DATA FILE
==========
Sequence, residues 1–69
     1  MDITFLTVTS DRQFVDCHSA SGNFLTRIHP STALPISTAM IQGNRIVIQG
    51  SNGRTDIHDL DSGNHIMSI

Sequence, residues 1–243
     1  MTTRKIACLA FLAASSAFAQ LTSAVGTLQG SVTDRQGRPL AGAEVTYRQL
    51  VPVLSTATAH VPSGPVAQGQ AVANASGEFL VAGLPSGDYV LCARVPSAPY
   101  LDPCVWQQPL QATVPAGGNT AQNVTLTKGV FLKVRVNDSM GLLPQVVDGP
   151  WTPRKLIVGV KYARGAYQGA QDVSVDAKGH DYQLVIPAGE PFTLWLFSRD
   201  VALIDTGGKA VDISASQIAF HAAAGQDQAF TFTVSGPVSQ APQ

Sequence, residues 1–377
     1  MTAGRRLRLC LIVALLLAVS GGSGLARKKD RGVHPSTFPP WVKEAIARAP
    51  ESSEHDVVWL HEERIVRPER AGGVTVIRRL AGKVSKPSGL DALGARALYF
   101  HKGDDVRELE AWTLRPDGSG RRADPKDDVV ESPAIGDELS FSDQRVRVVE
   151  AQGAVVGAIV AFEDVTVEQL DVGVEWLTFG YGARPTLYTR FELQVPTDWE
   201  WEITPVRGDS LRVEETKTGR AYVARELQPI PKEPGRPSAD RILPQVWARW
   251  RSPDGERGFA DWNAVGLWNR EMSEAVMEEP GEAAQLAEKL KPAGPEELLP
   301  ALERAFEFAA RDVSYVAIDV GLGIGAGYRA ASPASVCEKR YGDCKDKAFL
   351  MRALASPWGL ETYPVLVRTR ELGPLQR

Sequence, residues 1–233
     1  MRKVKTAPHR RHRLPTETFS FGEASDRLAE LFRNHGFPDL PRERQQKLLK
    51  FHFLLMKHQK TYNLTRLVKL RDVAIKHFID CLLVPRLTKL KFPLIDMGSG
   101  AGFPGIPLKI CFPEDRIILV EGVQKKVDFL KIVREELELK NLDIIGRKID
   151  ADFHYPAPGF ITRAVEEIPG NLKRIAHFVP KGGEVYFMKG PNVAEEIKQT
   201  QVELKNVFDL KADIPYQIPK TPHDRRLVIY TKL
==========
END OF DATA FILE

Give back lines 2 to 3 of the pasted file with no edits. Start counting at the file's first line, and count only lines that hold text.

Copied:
     1  MDITFLTVTS DRQFVDCHSA SGNFLTRIHP STALPISTAM IQGNRIVIQG
    51  SNGRTDIHDL DSGNHIMSI